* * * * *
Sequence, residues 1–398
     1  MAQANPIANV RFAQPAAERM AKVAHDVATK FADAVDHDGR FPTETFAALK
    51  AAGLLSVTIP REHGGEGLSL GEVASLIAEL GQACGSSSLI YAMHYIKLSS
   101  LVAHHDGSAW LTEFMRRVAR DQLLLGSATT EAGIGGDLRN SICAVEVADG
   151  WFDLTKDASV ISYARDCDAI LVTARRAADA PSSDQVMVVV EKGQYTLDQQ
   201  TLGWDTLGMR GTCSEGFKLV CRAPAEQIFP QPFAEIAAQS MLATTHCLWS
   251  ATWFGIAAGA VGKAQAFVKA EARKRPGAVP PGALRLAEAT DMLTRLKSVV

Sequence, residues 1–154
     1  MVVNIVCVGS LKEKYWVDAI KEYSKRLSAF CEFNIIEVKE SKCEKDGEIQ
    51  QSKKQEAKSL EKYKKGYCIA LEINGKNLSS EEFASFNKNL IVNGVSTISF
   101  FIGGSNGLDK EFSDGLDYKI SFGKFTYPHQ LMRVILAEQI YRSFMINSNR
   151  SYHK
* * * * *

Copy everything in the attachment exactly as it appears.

Sequence, residues 1–398
     1  MAQANPIANV RFAQPAAERM AKVAHDVATK FADAVDHDGR FPTETFAALK
    51  AAGLLSVTIP REHGGEGLSL GEVASLIAEL GQACGSSSLI YAMHYIKLSS
   101  LVAHHDGSAW LTEFMRRVAR DQLLLGSATT EAGIGGDLRN SICAVEVADG
   151  WFDLTKDASV ISYARDCDAI LVTARRAADA PSSDQVMVVV EKGQYTLDQQ
   201  TLGWDTLGMR GTCSEGFKLV CRAPAEQIFP QPFAEIAAQS MLATTHCLWS
   251  ATWFGIAAGA VGKAQAFVKA EARKRPGAVP PGALRLAEAT DMLTRLKSVV

Sequence, residues 1–154
     1  MVVNIVCVGS LKEKYWVDAI KEYSKRLSAF CEFNIIEVKE SKCEKDGEIQ
    51  QSKKQEAKSL EKYKKGYCIA LEINGKNLSS EEFASFNKNL IVNGVSTISF
   101  FIGGSNGLDK EFSDGLDYKI SFGKFTYPHQ LMRVILAEQI YRSFMINSNR
   151  SYHK